Mehta had aspirations to be a cricketer and had moved to Bhadra High School, among the best schools in Mumbai for cricket. But, he soon realised that he didn’t have the talent to make it big; but he had a head for numbers, which led him on to the path to be a CA. But, he continued a cricket connection as he did his articleship under NKP Salve, former Union Minister and a former president of the BCCI. Among the toppers in the CA exam, Mehta had plum offers coming his way: Unilever offered him a job with Lipton in Kolkata while Union Carbide had one for him in Mumbai, so he plumped for the latter. But, serendipitously, he was to join Unilever later.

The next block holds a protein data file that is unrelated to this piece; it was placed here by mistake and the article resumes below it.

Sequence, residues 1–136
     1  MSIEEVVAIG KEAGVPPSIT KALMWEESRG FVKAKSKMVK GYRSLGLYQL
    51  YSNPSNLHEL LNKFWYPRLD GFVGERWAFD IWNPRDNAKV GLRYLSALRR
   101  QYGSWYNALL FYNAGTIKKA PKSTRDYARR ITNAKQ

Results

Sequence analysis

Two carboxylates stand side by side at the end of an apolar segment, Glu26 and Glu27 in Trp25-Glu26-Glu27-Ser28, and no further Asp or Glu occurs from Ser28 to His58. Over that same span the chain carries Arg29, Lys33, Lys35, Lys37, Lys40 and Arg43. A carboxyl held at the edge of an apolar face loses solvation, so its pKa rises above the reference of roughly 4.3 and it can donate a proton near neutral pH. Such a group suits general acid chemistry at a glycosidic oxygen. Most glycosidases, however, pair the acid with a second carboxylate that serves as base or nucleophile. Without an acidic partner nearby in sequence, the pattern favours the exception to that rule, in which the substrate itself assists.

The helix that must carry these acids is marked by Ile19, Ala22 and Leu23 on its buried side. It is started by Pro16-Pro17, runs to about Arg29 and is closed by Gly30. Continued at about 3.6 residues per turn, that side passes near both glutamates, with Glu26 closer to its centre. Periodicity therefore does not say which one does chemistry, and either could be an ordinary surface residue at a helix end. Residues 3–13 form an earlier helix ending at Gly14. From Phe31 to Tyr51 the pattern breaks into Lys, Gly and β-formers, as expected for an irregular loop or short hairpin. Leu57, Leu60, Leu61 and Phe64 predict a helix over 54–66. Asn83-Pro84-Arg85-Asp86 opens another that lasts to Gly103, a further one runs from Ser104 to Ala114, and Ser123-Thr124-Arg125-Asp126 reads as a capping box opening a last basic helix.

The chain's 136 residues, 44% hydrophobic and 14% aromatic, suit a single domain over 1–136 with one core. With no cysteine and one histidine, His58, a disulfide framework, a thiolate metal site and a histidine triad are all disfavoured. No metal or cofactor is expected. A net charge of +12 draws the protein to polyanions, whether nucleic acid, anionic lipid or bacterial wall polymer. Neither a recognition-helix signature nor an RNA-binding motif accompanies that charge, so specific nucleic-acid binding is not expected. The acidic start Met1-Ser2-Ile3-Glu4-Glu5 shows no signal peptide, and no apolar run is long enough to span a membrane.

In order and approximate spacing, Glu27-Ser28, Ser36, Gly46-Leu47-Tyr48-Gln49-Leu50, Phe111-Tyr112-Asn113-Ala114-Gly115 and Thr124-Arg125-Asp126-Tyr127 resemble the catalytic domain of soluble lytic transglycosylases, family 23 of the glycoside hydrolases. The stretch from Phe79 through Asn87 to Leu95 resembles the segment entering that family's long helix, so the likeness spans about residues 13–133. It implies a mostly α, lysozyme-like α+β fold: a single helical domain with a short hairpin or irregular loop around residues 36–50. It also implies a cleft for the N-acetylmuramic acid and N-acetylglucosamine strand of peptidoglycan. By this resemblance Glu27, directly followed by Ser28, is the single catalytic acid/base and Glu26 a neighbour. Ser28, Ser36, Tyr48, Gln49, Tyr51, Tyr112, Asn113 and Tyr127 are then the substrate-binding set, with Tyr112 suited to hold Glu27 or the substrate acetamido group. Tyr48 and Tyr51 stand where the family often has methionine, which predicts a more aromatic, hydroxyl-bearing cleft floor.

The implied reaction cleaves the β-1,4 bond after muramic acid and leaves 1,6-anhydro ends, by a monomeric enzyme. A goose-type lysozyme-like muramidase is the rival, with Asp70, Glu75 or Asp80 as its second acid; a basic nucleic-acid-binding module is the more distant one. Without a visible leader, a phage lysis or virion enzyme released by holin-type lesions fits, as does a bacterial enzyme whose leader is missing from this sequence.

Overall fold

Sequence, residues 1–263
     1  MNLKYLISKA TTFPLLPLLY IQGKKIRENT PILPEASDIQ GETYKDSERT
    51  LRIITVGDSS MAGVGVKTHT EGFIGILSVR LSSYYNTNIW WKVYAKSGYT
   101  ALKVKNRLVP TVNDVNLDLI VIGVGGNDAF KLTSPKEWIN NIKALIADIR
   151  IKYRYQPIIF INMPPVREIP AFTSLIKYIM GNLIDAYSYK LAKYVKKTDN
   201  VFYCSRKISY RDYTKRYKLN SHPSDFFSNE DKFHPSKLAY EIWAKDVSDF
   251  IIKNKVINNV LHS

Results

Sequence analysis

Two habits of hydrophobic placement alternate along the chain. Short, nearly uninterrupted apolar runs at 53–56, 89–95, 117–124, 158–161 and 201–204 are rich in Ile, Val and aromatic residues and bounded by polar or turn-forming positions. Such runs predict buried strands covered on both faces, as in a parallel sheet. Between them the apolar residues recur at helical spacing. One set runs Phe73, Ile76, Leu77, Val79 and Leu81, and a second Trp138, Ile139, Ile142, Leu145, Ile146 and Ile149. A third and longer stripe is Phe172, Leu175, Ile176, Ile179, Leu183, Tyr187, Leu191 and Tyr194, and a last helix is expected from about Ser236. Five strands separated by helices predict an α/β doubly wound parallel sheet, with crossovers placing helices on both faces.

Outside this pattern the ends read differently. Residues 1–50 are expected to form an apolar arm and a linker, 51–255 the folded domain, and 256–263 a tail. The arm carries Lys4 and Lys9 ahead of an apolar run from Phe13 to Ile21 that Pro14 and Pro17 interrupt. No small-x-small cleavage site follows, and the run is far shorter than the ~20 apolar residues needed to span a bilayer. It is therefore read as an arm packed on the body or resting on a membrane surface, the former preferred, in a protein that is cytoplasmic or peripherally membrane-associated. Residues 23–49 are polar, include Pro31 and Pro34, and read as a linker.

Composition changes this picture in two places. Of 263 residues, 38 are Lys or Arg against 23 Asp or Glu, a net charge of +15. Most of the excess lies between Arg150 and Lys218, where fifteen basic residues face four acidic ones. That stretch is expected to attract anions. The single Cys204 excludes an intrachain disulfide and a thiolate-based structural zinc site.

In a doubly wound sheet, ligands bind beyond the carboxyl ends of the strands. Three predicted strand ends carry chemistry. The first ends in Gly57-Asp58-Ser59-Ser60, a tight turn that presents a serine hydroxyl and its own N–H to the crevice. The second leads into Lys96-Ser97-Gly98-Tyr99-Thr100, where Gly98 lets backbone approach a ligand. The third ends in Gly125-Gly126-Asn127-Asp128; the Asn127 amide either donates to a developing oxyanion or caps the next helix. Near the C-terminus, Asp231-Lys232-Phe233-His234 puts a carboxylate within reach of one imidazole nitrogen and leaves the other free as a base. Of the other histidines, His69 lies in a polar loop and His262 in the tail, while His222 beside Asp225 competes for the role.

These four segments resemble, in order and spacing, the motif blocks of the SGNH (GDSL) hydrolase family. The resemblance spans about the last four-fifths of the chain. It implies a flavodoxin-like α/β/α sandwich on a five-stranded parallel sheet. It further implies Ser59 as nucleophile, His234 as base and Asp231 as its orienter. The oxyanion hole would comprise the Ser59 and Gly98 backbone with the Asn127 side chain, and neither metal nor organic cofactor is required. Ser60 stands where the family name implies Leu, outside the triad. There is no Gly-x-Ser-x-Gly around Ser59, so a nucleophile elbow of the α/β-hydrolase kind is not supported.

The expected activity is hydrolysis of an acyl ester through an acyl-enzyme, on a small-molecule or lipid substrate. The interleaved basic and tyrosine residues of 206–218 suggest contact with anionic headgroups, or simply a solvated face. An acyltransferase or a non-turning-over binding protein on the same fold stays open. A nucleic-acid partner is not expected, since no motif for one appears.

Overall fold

Mehta’s wife, Mona, is a CA as well, but, as Mehta points out, she’s a corporate banker and not in a consumer goods company. “While our educational background is similar, I think we are pretty diverse individuals, but with similar set of values. And our daughters are not following our footsteps,” says Mehta, with a fond smile. Their twin daughters, Naina and Roshni, are both studying in the US, the former at Harvard Business School and Roshni in a dual master’s programme at Harvard Kennedy School. Ask Mehta if it was tough brining up twins, he says, “The first one year is tough, because it’s a multiplier impact. One baby would sleep, the other would get up. And we didn’t have our mothers with us. But, thankfully, we got some very good help. And after the one year, then it became lovely. You know, it’s a very special bond that twins have, which is very exceptional.” Our one hour with Mehta is up and brings to a close a conversation as stimulating as the Bru coffee Mehta has been sipping.